Deyarza is no stranger to her students being recognized at the city, federal, and even national levels. In 2019, the team she coached took first place nationwide in the We the People competition, a tournament promoting “civic education and responsibility”. Last year, a group of her students, including three involved in the Flood Ordinance, successfully passed the Miami Lakes Safe Place Ordinance, which blocked certain types of businesses from being near schools, including sex shops, gun stores, and liquor stores, Mauritsits said . And in 2021, the student flood project won first place nationwide in a Project Citizen competition.

As part of their research, the students turned to Jayantha Obeysekera, director of the Sea Level Solution Center at Florida International University. When he got her email, Obeysekera said, he assumed they were at least high school if not older.

This is exactly what Deyarza, director of the social science department at Miami Lakes Middle, wanted to create.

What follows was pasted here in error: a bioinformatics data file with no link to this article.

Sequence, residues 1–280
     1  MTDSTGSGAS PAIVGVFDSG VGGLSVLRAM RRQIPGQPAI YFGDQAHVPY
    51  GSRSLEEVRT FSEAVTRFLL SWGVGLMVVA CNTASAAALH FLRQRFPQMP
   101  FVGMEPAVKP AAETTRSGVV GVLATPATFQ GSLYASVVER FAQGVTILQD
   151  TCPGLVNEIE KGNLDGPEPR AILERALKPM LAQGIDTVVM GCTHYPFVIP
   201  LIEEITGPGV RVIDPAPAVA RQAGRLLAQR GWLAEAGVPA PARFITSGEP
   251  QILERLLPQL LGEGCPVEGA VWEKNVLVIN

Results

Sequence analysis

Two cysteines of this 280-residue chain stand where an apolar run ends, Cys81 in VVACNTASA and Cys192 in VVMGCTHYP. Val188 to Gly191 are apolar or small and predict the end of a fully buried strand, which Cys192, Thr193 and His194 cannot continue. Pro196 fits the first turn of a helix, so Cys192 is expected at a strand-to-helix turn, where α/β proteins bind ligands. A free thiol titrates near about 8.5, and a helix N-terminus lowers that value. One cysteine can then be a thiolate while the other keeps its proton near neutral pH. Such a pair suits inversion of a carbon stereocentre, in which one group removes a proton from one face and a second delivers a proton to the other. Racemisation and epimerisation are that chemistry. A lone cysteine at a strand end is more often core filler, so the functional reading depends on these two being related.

“I don’t want them to sound like little children,” she said. “I want you to sound like a citizen. An informed citizen, a concerned citizen. “

Obeysekera said it warms his heart to see students engage in climate change so early on. Ten years ago he could hardly see young people in the room at public lectures about sea level rise.

“It is very gratifying to see middle school students meddling in the problems the community will face in the near future due to climate change,” said Obeysekera. “They are very bright children, if I may call them children.”

The students said they see their project as part of a greater passion for preserving the environment.

“We’re not just trying to reduce the problem of flooding,” said Gabriella. “But also so that it is better for the environment and more environmentally friendly.”

“We should hire you all”

The students, who sat for an interview on their final day of school, said that with the summer break, they are determined to devote even more time to the project.

And beyond change, they seem to know what they want and are determined to get it. At the age of 13, Gabriella said she knew she wanted to become a lawyer one day. Just a year older, Jocelyn said her plan was to earn both a medical degree and a doctorate in law to practice medical law.

Maurits said he hoped to be able to change the law directly at some point. “I feel very inspired when I look at our community councils,” he said. “I would like to do something like that in the future.”

Perhaps the Council is waiting for him with open arms.

“We should hire you all,” Councilor Marilyn Ruano told the students.